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Re-Sharing User-Generated Content, Legally

Let’s talk about re-sharing user-generated content, legally, on Instagram. By the end of this post, you’ll understand 1) what user-generated content is, and 2) what it means to share user-generated content while complying with copyright law.

There are a few ways that this can come up.

The first is where a brand has tagged you in a photo where maybe they’re talking about you. This could be in influencercontext, or this could be just any user on Instagram tagging a product that they like or use and talking about it. Technically speaking, even though they’re tagging the brand or they’re talking about a product, you do not have consent to share a photo that you don’t own unless you seek permission. This is because of copyright law, of course. Usually the person that creates the content — like a photograph — owns that content. You may be able to seek a license or permission to use that content, but you don’t own that content. Giving someone credit or linking to her account is nice, but, number one, might not be necessary, and number two, it’s not enough to “absolve” you from copyright infringement. 

The second scenario is summed up in this question: what if it’s already on Instagram? If it’s already out there, isn’t it free to use? Answer: NO. Instagram’s own “Community Guidelines” kind of talk about this. The guidelines say: 

Share only photos and videos that you’ve taken or have the right to share.

Instagram Privacy and Safety Center, Community Guidelines

Instagram also goes through a little spiel on intellectual property rights and copyright and says,

The best way to help make sure that the content you post to Instagram doesn’t violate copyright law is to only post content that you’ve created yourself.

Instagram Help Center, Copyright

… and they’re right.

A lot of people go by the adage of “just give them credit and you can use it” but that’s that’s not legally correct. In other words, to put it simply in one sentence, you should be seeking permission for every photo — whether it’s a story or photo in your feed — before re-sharing it.

If you’re concerned whether you’re re-sharing user-generated content, legally, it’s better to ask permission before posting, just to be safe!

What’s that? Free info? Yes, please. Click below to learn four things you can do right now to protect your business online.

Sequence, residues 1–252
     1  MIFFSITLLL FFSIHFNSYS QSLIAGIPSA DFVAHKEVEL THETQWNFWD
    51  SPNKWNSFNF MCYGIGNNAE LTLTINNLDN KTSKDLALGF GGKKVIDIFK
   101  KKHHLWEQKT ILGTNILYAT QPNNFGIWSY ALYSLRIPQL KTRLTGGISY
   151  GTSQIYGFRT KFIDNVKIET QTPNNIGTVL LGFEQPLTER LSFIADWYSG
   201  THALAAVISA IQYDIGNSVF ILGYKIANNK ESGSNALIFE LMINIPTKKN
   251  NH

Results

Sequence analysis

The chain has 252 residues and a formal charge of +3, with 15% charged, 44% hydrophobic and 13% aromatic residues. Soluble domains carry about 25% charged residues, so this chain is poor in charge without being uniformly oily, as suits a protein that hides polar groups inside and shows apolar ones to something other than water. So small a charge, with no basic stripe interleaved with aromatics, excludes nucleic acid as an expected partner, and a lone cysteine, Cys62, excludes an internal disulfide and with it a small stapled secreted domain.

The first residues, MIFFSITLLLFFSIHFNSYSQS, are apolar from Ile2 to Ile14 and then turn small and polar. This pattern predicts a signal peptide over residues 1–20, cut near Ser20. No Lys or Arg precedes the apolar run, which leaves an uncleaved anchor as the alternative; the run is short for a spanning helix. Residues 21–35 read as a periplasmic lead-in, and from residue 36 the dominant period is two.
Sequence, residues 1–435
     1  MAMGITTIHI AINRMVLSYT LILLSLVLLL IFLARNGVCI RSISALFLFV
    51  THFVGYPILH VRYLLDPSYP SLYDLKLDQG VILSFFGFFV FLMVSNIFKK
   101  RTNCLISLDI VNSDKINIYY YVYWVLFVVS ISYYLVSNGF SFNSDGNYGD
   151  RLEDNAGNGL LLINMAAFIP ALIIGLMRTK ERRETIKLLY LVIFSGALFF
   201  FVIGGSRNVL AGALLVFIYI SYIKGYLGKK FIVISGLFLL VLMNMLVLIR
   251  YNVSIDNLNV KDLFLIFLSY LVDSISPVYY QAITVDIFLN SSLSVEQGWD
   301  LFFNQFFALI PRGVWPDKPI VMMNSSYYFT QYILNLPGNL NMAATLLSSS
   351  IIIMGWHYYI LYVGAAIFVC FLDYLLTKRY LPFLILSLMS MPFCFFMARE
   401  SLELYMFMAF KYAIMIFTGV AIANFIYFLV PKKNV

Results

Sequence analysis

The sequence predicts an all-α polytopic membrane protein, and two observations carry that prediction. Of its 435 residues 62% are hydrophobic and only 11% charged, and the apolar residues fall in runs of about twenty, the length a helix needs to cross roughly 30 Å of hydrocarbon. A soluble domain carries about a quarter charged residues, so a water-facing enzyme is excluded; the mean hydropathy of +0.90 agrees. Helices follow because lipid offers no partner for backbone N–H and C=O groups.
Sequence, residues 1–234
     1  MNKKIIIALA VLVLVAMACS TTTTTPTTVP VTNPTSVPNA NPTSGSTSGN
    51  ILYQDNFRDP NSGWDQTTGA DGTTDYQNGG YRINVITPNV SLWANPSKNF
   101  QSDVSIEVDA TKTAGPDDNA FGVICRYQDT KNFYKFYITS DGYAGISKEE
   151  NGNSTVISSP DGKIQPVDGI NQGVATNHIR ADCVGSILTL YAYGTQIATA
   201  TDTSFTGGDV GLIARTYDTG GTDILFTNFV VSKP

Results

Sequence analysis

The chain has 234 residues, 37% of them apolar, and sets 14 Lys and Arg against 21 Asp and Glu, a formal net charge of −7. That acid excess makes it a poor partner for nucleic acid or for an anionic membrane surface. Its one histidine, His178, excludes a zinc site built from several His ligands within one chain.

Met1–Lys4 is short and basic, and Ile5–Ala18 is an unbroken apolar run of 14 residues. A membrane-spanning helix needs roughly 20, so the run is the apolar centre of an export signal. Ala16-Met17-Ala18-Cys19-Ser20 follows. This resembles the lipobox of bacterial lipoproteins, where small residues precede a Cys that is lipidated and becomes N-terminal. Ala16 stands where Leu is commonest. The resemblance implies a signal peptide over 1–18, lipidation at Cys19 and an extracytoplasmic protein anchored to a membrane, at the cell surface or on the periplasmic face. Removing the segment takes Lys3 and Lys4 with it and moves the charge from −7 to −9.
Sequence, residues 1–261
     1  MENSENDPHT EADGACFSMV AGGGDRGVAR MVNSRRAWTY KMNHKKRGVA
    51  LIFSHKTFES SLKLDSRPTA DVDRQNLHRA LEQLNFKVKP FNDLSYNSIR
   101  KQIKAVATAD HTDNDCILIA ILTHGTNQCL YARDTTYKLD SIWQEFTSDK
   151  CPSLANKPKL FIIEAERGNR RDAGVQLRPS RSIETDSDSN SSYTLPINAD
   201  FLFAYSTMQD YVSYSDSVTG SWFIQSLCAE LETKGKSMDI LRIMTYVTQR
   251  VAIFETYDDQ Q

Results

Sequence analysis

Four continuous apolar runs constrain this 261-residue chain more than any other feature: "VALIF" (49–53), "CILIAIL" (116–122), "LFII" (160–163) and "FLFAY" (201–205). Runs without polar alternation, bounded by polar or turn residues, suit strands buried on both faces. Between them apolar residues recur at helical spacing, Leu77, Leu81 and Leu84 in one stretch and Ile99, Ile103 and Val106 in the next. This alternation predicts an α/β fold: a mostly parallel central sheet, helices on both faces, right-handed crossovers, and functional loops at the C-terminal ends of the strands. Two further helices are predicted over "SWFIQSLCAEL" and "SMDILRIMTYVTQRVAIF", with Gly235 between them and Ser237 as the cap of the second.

Why Using Photos from the Internet is Usually a Bad Idea

Using photos from the internet can be such a source of headache. By the end of this post, you’re going to understand why it’s probably not a good idea to use images that you found on Google Image Search or Pinterest in connection with your business, and what you might do instead.

Common misconception: a lot of folks think that images that you find on Google Image Search or on Pinterest are in the public domain, or free of copyright, or free to use, and that could not be further from the truth.

Google catalogs images from everywhere, all kinds of different websites without regard to copyright ownership. So by using an image from Google Image Search or from Pinterest, you don’t know just by looking at the image whether it’s protected under copyright law, and you certainly don’t know whether you have permission from the owner to use it. In fact, I would assume that you don’t.

The issue is copyright, which of course speaks to who owns the photo or who owns the image, but also “right of publicity.” And remember, that right of publicity is an individual’s right to control how their name, image, and likeness is used for a commercial or business purpose. So whoever it is that appears in that image might not want their name, image, or likeness used in connection with your business purpose. 

What to do Instead of Using Photos from the Internet

If using photos from the internet can get you into trouble, what other options do you have? Well, there are plenty of reputable stock photo websites out there, some of which say “here are do-whatever-you-want-with-them photos” sometimes those sites have strings attached, so maybe it’s “do- whatever-you-want-with-them” photos… so long as you give credit or attribution.

Sometimes the photos can be used for personal use, but if you want to use it in connection with a business then you have to pay an extra license fee. 

So make sure and read the fine print, read the Terms of Use for those stock photo sites to make sure that you’re using them and compliance with their rules their license terms.

That is a much better option than using images from Pinterest or from Google Image Search.

What’s that? Free info? Yes, please. Click below to learn four things you can do right now to protect your business online. 

What’s A Creative Commons License?

what's a creative commons license

“Creative Commons.” It’s a term that you might run into when looking for a beautiful photograph or font to use on your website, PR, or in other marketing materials. You see it in a standard note when you go to download that photo or font: “Licensed under Creative Commons.”

Continue reading “What’s A Creative Commons License?”